Proceedings magazine is a communication tool for the Coast Guard's Marine Safety & Security Council. Each quarterly magazine focuses on a specific theme of interest to the marine industry.
Issue link: http://uscgproceedings.epubxp.com/i/617100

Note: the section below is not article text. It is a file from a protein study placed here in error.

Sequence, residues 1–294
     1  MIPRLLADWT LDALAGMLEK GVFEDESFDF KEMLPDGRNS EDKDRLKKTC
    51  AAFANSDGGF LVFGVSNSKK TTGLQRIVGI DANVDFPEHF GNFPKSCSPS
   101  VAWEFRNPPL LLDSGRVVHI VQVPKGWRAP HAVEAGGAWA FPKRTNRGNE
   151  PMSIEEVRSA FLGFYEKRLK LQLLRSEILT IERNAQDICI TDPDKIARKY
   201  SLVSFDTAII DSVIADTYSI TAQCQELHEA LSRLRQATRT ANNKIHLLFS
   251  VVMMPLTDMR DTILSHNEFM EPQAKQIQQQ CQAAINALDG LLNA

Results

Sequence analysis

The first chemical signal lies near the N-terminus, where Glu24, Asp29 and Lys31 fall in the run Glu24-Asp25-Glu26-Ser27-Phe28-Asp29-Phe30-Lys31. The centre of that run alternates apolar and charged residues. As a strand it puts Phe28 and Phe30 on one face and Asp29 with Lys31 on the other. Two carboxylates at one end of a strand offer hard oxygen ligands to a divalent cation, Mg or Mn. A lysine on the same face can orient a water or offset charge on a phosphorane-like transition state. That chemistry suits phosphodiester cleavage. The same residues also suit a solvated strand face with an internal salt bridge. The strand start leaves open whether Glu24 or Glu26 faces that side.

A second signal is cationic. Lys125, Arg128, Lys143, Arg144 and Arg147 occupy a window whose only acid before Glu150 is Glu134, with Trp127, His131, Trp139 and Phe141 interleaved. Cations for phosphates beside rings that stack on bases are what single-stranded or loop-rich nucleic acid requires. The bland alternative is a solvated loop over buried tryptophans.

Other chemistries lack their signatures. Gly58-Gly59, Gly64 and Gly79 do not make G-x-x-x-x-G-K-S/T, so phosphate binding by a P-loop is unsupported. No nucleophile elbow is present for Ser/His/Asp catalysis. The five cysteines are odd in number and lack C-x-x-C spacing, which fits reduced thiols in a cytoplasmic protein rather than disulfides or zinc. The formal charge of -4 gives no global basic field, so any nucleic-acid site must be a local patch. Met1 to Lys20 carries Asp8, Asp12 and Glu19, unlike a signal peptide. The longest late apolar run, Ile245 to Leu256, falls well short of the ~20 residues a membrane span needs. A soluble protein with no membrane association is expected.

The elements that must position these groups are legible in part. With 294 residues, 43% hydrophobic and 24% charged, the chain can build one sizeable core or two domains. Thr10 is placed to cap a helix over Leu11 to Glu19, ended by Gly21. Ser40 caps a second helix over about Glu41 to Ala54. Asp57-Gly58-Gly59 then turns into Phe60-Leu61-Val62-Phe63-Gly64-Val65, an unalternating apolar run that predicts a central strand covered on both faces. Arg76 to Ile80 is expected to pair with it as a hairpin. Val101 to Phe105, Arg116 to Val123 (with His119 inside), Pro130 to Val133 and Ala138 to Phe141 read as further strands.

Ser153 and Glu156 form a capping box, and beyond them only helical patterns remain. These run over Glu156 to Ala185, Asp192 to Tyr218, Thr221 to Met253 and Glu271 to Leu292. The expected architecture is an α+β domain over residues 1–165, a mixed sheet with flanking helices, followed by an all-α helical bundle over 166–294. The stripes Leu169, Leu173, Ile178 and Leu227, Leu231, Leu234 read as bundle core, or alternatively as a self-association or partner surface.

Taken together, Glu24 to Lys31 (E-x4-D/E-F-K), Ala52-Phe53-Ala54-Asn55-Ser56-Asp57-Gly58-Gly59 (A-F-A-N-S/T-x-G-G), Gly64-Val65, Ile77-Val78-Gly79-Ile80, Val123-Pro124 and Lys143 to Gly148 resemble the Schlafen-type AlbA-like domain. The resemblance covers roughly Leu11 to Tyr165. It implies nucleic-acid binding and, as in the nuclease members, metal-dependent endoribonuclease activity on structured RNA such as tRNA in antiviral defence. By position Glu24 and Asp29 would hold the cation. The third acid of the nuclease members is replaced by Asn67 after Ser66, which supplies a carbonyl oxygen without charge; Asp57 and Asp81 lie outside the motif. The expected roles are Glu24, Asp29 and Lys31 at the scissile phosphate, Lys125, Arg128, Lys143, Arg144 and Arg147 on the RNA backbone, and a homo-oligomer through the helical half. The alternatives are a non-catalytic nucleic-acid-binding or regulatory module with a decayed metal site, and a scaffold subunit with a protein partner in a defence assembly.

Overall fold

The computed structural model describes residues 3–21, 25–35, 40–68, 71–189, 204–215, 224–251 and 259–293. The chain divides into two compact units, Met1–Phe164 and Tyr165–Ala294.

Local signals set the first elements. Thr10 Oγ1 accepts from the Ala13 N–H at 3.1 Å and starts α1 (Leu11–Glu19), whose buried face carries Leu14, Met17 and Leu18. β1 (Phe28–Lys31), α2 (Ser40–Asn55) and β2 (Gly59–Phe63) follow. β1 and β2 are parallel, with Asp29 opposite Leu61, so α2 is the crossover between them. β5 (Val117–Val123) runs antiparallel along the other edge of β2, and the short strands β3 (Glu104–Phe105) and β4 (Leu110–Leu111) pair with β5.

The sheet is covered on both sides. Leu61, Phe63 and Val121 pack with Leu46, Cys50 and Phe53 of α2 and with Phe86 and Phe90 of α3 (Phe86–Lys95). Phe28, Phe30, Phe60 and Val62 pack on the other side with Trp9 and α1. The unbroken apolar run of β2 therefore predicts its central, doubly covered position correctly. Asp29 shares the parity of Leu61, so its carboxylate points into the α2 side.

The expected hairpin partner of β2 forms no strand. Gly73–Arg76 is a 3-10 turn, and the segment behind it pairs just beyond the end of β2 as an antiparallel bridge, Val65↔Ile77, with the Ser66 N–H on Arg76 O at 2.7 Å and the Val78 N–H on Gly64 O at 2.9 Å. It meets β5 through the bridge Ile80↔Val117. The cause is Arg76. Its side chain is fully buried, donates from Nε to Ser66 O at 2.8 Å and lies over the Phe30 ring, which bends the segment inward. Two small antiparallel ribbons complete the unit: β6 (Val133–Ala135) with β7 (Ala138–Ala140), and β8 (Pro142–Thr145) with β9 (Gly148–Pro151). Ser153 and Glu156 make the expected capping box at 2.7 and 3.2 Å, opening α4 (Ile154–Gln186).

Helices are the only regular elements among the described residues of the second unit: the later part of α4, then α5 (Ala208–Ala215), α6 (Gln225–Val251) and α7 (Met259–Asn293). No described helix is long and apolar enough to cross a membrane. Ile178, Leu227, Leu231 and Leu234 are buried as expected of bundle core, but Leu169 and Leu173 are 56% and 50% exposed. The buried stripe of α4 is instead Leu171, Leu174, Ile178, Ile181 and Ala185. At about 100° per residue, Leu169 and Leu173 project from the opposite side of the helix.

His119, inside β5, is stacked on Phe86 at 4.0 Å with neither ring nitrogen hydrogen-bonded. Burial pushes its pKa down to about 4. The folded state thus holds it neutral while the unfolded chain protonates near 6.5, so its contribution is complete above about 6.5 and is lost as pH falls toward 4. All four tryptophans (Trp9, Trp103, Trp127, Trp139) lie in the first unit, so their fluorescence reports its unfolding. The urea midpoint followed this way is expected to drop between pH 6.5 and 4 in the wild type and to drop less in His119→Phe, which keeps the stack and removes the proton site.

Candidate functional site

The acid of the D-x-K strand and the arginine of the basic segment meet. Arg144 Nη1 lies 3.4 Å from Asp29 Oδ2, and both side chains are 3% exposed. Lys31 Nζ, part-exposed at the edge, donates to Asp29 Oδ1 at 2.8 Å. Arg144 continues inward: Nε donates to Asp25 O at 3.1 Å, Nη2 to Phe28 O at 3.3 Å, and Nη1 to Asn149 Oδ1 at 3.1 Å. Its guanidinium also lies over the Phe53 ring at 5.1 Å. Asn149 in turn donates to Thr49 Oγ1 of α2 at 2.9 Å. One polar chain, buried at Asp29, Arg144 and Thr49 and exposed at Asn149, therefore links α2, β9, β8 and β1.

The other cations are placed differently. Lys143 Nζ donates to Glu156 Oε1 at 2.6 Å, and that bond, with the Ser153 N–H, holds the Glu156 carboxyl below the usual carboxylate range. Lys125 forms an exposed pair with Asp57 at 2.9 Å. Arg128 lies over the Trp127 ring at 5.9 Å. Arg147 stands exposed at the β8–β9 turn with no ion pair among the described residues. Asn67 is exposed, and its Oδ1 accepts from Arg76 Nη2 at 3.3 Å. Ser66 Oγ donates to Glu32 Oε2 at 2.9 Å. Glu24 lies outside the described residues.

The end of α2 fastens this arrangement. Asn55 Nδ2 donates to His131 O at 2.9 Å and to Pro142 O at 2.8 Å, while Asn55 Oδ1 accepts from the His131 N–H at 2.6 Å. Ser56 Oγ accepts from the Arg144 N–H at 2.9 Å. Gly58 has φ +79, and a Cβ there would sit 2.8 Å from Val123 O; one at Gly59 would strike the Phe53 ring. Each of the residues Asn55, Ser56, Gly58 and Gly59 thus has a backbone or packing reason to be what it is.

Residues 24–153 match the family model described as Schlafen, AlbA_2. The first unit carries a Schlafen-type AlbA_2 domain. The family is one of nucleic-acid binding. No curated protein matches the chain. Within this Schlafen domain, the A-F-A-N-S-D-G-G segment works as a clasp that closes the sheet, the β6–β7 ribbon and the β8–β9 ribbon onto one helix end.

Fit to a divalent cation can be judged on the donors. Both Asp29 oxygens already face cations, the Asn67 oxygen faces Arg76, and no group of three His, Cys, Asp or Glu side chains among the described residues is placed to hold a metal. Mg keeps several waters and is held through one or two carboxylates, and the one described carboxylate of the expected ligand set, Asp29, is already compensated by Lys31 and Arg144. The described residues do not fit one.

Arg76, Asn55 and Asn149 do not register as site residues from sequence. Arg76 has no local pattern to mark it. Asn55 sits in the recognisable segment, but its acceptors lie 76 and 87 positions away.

28 Proceedings Winter 2015–2016 www.uscg.mil/proceedings Second, the investigations division at Marine Safety Unit (MSU) Texas City had been the lead on the investigation from the beginning, doing an excellent job, and here I come out of nowhere to step in and take over the lead. Most people would have some heartburn with that — I know I would — so I knew we would need to deal with that angst right away, because I was going to need them, and we would be working very closely together for the foreseeable future. I made frst contact with the MSU Texas City investigations chief during the fve-hour drive over to the unit. He came right out and said, "I'm not going to lie — I am a little hurt about it." I gave him high marks for bringing it up so we could talk about it, and I knew right then that we would be fne … and we were. When I showed up at the unit, beyond providing me with an offce, they also supplied all the sup- port and assistance I could hope for. Tech Support We had audio playback of several key communications that we wanted to have available during the hearing. Though all parties of interest had their own transcripts, unfortunately that didn't mean they were all in agreement regarding what was said. We felt it would be best to have the original audio available to try to avoid such discussions. Luckily, our designated recorder also happened to be an IT wizard. On the Friday before the hearing, we visited the courtroom to make sure everything was set up the way we wanted and to do one last audio/visual equipment check. Despite our best efforts, we still had some diffculty with the audio feed during the hearing, but at that point, all we could do was press on. Time Management I was fortunate to have a well-seasoned and very capa- ble assistant senior investigating offcer (ASIO) who held On April 4, 2014, I conducted a formal major marine casu- alty investigation as the lead investigating offcer alongside National Transportation Safety Board (NTSB) personnel. Since the investigation is still open, I'll focus on what went well and investigation lessons learned rather than the inci- dent itself. Challenges I already had two immediate challenges to address upon assignment as the lead investigating offcer. First, the inves- tigation wasn't designated "formal" until two weeks after the incident, putting me two weeks behind. A formal inves- tigation is convened for the more serious or signifcant inci- dents investigated under 46 USC Chapter 63 from which the most value can be gained. A lot of things happen in the frst few hours after an incident, and that much more in two weeks, so I had my work cut out for me to get up to speed as quickly as I could. Marine Formal Board of Investigation A lead investigating offcer's perspective. by LCDR teResa hatFieLD Chief, Investigations Division U.S. Coast Guard Sector New Orleans Investigations National Center of Expertise Here we listen to testimony. That's me — top row, center. U.S. Coast Guard photo by Petty Offcer Andrew Kendrick.